Subscribe:

Pages

Thursday, 22 June 2017

(NST) Leasing market likely to remain challenging



THE leasing market for prime office space in Kuala Lumpur is expected to remain challenging as new supply comes in.

Rents for older buildings in the Golden Triangle may come under pressure as landlords look for tenants to backfill space vacated by companies that are either downsizing or moving out of the area.

The Golden Triangle is the premium business district with a high concentration of tenants from the banking, insurance and services sector.

It is also Kuala Lumpur’s main shopping and nightlife district, as well as home to four- and five-star hotels.

According to the Knight Frank Asia-Pacific Prime Office Rental Index for the first quarter of this year, rent in Kuala Lumpur quarter-on-quarter declined by 0.9 per cent and 0.8 per cent respectively, with the market anticipating significant incoming supply this year.





Knight Frank Malaysia executive director of corporate services, Teh Young Khean, said the Kuala Lumpur office market continued to be under pressure during the quarter under review amid high impending supply and weak occupational demand.

According to the National Property Information Centre’s property market report for last year, office building completions in Kuala Lumpur were around 320,643 sq m, but the take-up rate was only for 24,646 sq m.

New supply of office space for Kuala Lumpur this year and next year is expected to be between 4.72 million and six million sq ft, respectively.

Among the mega real estate projects that will add on to the worrying supply of office space in Kuala Lumpur are the Tun Razak Exchange, KL118, Bandar Malaysia and Bukit Bintang City Centre.

Teh believes that landlords, faced with current challenges in the market, may be more willing to make concessions.

Singapore, which expects its prime-office leasing market to bottom out next year, is also facing a similar decline in rental earnings, the index showed.







The Asia-Pacific Prime Office Rental Index was launched recently. It sees the addition of Manila, bringing the total number of markets tracked to 20.

For the first quarter of this year, the index grew one per cent quarter-on-quarter due to rising rents in 10 of the markets over the quarter, with rental declines experienced in five of the 20 markets tracked.

Knight Frank Asia Pacific head of research, Nicholas Holt, expects an improving outlook for Asia-Pacific prime office markets with stable economic growth strengthening occupier demands.

“United States political uncertainty, rising interest rates and Chinese capital controls all made waves during the first quarter of this year. Amid these uncertainties, however, global economic activity continued to gain momentum.

“With a moderate rise in commodity prices and improving market sentiment, these positive elements bode well for several Asia-Pacific prime office markets for the rest of the year,” said Holt.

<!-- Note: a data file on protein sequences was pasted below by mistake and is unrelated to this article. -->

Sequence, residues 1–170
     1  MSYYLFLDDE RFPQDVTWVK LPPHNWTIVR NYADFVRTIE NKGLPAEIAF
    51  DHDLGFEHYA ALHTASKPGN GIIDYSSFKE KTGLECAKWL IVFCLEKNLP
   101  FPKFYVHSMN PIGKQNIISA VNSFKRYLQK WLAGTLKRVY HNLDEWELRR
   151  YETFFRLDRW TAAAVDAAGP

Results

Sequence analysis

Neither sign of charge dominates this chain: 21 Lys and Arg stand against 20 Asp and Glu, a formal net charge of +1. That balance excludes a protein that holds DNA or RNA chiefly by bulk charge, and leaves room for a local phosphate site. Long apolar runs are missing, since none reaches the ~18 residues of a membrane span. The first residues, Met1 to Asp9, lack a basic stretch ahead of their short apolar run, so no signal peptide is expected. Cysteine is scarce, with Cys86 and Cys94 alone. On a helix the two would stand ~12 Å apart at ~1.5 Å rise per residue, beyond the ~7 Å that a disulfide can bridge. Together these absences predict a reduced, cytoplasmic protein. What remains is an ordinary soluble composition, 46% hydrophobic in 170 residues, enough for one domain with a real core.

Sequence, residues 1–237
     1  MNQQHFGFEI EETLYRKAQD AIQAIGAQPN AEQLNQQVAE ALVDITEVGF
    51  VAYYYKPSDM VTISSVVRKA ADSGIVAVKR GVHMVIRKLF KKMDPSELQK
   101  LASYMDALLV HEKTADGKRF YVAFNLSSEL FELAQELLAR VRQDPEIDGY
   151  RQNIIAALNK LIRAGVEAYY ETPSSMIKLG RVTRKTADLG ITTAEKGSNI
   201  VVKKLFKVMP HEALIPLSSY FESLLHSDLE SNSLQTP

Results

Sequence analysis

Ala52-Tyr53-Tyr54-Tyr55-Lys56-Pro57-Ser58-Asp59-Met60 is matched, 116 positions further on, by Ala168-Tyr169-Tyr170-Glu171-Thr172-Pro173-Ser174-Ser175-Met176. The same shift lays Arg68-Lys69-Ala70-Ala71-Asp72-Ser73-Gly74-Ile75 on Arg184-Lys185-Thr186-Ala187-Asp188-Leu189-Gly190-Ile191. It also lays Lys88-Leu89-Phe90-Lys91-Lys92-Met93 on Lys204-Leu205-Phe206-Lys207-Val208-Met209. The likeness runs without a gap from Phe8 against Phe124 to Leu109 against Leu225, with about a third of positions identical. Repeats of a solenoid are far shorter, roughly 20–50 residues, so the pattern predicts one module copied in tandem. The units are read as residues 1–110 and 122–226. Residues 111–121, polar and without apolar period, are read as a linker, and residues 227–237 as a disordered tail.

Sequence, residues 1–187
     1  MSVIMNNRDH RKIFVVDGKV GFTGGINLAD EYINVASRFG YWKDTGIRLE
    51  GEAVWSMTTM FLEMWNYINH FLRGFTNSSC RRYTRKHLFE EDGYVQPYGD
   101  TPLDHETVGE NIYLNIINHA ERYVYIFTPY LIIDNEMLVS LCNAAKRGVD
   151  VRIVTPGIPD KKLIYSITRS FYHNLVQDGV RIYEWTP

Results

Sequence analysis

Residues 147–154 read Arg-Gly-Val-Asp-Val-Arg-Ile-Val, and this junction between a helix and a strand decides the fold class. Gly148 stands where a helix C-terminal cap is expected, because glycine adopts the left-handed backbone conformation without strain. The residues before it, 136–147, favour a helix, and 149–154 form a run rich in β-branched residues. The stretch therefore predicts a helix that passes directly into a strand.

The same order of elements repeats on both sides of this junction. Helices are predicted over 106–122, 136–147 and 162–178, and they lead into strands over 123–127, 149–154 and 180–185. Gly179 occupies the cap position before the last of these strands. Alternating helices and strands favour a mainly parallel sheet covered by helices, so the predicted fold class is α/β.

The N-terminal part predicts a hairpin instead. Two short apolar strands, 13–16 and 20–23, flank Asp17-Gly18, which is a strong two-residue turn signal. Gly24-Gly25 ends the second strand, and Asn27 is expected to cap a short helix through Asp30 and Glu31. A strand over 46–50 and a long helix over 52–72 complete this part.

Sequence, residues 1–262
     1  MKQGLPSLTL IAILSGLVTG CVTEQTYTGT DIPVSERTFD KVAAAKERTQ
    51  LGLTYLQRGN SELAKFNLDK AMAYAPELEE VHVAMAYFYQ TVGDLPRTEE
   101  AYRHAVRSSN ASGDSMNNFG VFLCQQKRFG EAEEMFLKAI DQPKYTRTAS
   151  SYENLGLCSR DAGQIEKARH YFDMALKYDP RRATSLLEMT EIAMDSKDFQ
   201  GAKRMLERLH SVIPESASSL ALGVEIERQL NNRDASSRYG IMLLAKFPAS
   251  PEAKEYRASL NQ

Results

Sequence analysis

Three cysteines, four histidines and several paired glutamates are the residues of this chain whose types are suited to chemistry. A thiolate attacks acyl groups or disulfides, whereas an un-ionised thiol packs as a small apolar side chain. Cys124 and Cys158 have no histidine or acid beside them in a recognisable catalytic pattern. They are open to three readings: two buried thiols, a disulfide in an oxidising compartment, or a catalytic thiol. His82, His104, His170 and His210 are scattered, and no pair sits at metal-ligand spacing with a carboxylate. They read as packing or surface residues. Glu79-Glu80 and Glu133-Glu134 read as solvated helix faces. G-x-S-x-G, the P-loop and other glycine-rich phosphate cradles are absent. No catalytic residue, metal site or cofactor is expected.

Over the next 12 months, Knight Frank expects rents in 15 out of the 20 cities to either remain steady or increase, which is up from 12 in its previous forecast.

Bangkok continues its strong performance, recording both the highest year-on-year (9.6 per cent) and quarter-on-quarter (3.1 per cent) growth rates in Asia-Pacific.

Rents have been increasing for more than two years and it may persist due to strong absorption amid tight supply.

China’s prime office market seemed to be moving positively.

Grade A office rents in Shanghai remained unchanged for the third consecutive quarter, as strong demand from fast-moving consumer goods and retail enterprises counterbalanced the completion of 720,000 sq m of prime space.

Similarly, Beijing welcomed 135,800 sq m of prime stock last quarter with rents staying high, as finance, Internet and high-tech sectors continue to drive leasing activity in the Chinese capital.

In Guangzhou, however, the vacancy rate declined by 3.5 percentage points to 13 per cent with no new prime office space coming on line during the quarter.

Mainland China companies remained the most important source of new take-up in central Hong Kong.

Landlords stayed aggressive due to limited supply, thus further pushing rental levels upwards.

Across Australia, all four major cities tracked saw their prime rents increase last quarter.

Strong demand continued to drive rental growth in Sydney and Melbourne central business districts, reinforced by these periods of little new development and stock withdrawals.

Net absorption for premium office buildings in Perth has benefited from the flight-to-quality with tenants relocating from Grade-A and below to higher quality premium space.

Brisbane experienced a decline in vacancy rate due to a combination of rising demand from the expanding state government workforce and the withdrawal of office stock.